Analysis of aggressive driving behavior: A driving simulation study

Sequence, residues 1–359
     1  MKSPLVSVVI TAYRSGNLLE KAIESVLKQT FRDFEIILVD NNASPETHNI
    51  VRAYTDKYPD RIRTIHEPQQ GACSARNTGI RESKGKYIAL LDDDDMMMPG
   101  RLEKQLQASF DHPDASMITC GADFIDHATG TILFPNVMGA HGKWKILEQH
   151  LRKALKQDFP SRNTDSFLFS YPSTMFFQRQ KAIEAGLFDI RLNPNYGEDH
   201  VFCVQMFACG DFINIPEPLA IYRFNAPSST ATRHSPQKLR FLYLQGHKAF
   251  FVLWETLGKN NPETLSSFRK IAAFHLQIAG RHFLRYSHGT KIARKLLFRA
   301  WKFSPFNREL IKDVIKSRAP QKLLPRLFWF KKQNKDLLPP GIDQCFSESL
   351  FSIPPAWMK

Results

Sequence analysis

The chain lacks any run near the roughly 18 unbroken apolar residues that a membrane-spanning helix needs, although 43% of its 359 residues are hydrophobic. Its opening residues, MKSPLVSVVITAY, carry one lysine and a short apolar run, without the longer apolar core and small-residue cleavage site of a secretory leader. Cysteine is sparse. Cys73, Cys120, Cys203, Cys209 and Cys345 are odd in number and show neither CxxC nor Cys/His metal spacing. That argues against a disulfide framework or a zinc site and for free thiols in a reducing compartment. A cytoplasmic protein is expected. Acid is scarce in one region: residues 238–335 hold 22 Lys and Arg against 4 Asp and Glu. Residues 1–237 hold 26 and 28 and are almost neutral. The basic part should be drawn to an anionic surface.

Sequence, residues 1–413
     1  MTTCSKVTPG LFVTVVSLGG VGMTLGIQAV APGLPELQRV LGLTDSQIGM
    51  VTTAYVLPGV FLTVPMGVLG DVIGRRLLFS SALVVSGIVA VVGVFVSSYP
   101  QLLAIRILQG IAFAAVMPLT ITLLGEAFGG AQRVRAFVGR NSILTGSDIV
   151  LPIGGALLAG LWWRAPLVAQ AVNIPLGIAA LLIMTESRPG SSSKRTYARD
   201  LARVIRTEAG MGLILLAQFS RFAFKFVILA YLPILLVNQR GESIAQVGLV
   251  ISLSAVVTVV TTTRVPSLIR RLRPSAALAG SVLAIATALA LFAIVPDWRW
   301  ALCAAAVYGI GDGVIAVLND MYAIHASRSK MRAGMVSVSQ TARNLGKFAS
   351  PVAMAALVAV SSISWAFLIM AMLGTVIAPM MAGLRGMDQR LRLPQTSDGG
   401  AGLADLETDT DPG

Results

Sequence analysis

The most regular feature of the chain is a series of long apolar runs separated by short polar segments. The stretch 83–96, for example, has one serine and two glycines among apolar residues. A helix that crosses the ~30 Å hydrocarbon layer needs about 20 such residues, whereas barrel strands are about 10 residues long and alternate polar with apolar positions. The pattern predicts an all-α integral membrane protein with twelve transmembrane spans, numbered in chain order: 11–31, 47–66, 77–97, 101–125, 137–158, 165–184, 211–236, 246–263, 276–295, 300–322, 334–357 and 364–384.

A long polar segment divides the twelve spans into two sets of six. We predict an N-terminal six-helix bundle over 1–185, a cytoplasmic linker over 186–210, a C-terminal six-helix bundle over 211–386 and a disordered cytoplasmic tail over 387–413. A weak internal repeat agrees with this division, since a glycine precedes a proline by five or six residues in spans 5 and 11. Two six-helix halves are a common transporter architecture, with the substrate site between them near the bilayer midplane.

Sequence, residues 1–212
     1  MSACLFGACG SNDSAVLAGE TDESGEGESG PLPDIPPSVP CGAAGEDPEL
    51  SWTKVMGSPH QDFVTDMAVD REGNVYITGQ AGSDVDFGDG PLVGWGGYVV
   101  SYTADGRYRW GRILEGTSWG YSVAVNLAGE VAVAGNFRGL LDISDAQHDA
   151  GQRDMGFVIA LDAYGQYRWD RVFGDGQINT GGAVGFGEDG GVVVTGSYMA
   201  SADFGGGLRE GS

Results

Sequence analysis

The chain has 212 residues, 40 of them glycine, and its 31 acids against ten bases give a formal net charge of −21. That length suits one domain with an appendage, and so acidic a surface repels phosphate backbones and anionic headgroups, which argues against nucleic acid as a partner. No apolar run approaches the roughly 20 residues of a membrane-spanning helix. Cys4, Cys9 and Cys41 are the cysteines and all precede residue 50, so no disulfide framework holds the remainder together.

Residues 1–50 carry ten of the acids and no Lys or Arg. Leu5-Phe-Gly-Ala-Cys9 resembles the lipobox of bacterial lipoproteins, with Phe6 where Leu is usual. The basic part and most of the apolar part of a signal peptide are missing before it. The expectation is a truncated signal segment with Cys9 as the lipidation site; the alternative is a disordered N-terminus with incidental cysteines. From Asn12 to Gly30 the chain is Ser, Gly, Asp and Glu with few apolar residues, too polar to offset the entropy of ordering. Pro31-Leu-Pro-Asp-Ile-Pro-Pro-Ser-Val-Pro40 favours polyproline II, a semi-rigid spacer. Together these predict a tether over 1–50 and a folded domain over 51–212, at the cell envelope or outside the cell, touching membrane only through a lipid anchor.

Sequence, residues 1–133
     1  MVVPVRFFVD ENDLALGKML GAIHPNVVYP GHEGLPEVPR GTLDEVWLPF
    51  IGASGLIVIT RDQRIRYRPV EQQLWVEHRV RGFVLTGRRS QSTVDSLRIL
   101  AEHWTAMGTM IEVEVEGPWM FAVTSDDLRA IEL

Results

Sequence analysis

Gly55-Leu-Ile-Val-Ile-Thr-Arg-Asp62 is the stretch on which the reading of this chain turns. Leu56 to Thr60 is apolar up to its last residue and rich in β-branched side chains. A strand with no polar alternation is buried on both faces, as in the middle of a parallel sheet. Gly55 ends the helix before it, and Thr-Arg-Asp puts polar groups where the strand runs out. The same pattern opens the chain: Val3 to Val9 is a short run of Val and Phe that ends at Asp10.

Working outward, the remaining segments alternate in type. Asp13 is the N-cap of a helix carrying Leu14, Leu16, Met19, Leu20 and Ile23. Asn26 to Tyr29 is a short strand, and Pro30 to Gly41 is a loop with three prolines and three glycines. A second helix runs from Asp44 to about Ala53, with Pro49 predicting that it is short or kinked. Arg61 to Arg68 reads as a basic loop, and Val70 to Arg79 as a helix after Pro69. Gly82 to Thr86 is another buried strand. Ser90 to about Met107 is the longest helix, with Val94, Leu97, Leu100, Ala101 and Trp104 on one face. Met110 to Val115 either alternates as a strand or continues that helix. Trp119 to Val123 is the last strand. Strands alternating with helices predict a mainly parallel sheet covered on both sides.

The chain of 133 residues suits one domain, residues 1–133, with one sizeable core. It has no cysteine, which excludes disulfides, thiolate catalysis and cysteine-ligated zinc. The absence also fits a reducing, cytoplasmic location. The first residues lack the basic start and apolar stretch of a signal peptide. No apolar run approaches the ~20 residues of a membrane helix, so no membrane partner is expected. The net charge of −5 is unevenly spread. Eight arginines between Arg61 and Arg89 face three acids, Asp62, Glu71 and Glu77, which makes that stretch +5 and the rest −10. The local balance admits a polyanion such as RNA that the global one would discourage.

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Aggressive driving behavior is the cause of a large percentage of accidents and fatalities, and it is growing every year. In several cases some drivers perceive their driving as non-aggressive when in fact they drive aggressively. To investigate factors affecting perceived (self-reported) and observed (based on the data from a driving simulation experiment) aggressive driving behavior, four fixed effect bivariate ordered probit models for three categories of aggressive driving behavior (i.e., observed and perceived non-aggressive, somewhat aggressive and very aggressive driving) are estimated. The models simultaneously account for panel data effects and cross equation error correlation. To further address unobserved heterogeneity, six grouped random parameter bivariate probit models for two outcomes (observed and perceived non-aggressive and aggressive driving) are estimated. Each model type is estimated using different barriers as driving behavior separators (either physical barriers in the distribution, or basic statistical measures). The results show that different socio-demographic characteristics, driving experience and exposure, and behavioral information of the participants affect the observed and the perceived aggressive driving behavior. The proposed approach, as a whole, provides an incremental step towards better understanding the different factors that affect the observed and the perceived aggressive driving behavior.